The Biology of . . .Baby Talk

Why scientists go gaga over infants' goo-goos

By Mary Duenwald|Wednesday, December 03, 2003
RELATED TAGS: EARLY LANGUAGE

Rebecca looks bizarre with brain-imaging gizmos attached to her little bald head—like a baby who has crept into Dr. Frankenstein’s lab. A white terry-cloth headband holds two plastic squares against either side of her skull. Each contains a set of black rods with a welter of wires. Rebecca seems oblivious to the headgear as she turns her head from side to side with a wet, toothless grin. She isn’t yet five months old, but according to Laura-Ann Petitto, a cognitive neuroscientist at Dartmouth College, she is already using the parts of her brain involved in language. And the contraption on her head is designed to let Petitto watch her do it.

Photograph by Dirk Anschütz

At Dartmouth College, laser light is beamed into a baby's head. Researchers analyze reflections from the laser for signs of brain activity during babbling.

Known as near-infrared spectroscopy, this technology is designed to show which part of the brain governs a given behavior by measuring where the brain uses the most oxygen. Petitto is learning how to use the device, and in time she hopes to zero in on an area just above the left ear that may play a prominent role in language acquisition. “Language is the looming contributor to this thing we call consciousness, which is at the heart of reason, emotion—the individual,” she says. “Think about what we’re doing right now. I’m sending sound waves through the air. I’m not even touching you. Yet you have explosions of meaning in your head. By what mechanism does our species accomplish this truly astounding feat?”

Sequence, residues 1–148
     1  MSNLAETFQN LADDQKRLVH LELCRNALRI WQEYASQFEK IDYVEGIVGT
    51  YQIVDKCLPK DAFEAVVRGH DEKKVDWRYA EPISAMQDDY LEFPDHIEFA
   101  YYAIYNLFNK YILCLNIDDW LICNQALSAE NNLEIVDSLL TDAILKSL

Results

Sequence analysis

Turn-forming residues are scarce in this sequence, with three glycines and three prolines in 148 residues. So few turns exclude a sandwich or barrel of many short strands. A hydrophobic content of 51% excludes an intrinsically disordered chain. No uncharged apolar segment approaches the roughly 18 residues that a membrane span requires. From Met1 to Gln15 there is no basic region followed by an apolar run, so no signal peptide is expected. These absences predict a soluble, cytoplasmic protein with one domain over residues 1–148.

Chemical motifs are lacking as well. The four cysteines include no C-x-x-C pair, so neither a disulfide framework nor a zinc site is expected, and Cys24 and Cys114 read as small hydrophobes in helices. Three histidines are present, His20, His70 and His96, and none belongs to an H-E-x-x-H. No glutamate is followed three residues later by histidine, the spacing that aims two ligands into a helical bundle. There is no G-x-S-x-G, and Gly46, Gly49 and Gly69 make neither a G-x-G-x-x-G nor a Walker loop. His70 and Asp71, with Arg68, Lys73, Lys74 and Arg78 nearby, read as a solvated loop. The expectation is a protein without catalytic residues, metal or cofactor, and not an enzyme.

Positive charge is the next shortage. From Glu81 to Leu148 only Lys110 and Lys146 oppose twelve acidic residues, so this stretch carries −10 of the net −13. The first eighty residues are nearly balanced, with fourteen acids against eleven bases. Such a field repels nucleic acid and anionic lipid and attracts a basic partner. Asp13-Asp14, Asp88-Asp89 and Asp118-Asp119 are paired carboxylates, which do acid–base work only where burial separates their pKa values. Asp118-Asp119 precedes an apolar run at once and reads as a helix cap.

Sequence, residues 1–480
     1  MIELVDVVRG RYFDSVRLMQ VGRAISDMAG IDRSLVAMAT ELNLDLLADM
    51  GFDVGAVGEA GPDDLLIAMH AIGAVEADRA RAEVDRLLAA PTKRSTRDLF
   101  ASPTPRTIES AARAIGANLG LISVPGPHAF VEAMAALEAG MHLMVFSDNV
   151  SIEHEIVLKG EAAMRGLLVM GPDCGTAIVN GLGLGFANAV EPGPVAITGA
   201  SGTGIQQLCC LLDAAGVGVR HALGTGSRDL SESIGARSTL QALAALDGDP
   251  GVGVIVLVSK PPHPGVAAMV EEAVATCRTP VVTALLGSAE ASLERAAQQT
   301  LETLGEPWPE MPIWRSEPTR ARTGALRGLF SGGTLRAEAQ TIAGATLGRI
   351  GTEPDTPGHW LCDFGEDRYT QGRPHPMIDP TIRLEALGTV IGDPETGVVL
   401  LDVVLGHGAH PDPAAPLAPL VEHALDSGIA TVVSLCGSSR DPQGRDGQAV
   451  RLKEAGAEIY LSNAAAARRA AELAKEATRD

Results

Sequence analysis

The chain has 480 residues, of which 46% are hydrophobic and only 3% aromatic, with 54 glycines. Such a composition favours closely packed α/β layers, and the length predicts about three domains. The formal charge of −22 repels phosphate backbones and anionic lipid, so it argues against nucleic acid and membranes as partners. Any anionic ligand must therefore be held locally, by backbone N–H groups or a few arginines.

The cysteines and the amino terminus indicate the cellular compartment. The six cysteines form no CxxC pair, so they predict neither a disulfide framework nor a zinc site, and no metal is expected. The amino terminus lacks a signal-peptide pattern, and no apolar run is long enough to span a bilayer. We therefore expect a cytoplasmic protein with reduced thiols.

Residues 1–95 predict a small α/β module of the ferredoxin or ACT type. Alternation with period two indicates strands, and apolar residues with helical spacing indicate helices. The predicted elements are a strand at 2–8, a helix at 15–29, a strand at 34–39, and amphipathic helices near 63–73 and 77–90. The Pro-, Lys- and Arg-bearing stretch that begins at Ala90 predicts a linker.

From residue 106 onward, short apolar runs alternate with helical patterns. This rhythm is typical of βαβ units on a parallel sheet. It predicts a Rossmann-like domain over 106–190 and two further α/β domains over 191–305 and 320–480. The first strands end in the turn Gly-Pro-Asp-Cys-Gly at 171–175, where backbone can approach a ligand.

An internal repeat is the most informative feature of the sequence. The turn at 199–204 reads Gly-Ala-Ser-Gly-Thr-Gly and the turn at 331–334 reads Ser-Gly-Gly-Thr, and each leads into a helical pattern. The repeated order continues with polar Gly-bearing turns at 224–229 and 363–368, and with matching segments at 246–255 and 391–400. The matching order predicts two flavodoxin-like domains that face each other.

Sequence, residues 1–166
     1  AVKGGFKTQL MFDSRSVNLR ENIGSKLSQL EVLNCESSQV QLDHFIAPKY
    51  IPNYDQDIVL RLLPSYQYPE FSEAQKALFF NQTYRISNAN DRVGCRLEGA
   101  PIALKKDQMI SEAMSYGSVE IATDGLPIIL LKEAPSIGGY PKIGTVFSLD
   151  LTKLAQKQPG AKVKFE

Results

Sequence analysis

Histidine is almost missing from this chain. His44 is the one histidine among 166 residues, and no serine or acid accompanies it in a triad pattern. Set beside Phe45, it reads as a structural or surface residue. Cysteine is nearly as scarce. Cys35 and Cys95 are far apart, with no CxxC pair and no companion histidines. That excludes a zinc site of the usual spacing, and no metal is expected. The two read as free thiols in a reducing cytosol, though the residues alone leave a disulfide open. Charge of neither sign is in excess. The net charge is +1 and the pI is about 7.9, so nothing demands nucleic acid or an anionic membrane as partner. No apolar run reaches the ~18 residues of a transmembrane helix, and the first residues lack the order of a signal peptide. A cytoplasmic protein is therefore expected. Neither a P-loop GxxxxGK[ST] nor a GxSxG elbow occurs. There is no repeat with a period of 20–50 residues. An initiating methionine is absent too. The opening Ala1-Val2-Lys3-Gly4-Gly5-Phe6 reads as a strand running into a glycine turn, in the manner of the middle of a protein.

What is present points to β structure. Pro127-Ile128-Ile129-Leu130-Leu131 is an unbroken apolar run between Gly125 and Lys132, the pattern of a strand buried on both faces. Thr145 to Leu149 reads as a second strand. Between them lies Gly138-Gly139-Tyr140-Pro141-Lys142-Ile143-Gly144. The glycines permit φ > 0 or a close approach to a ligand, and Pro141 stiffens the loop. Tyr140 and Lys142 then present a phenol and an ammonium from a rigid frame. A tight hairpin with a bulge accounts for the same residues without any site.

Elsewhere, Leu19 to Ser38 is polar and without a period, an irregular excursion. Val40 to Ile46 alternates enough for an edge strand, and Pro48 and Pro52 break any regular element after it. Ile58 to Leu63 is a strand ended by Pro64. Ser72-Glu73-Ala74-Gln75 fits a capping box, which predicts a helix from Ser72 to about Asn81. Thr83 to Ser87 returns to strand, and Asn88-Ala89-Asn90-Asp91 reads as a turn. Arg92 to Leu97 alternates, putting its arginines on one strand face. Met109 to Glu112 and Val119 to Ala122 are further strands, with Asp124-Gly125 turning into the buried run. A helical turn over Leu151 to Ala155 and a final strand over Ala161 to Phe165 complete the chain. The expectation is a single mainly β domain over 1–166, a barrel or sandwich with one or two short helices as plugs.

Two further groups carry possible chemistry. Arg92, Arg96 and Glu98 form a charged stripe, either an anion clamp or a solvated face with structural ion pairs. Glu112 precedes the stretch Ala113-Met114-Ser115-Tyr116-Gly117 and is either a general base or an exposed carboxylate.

For a scientist trying to answer this question, babies are the ultimate black box. They can’t explain a word of what’s happening inside their small developing brains, yet that’s where language—with all its complexities of grammar and vocabulary—is born. “You wouldn’t expect babies to be better than adults at anything,” says Jenny Saffran, director of the Infant Learning Laboratory at the University of Wisconsin at Madison, “but they are better at learning language.”

Babbling—the stringing together of repetitive syllables, as in da, da, da, da, da or ga, ga, ga, ga, ga—is one of the earliest stages of language acquisition. Babbling allows babies to learn and practice sounds they will one day use to create language. And so scientists have listened to babies babble, and they have watched babies babble. And if this new spectroscopy lives up to its promise, they may soon be able to watch babies’ brains operate as they babble.

Babbling is universal. No matter where babies are born or to which language they’re exposed, they begin—between 5 and 10 months of age—to rhythmically repeat syllables. Coincidentally, they often accompany themselves with equally rhythmic movements of their hands and feet. Petitto says they’re especially fond of shaking their right hand, or a rattle, while they babble.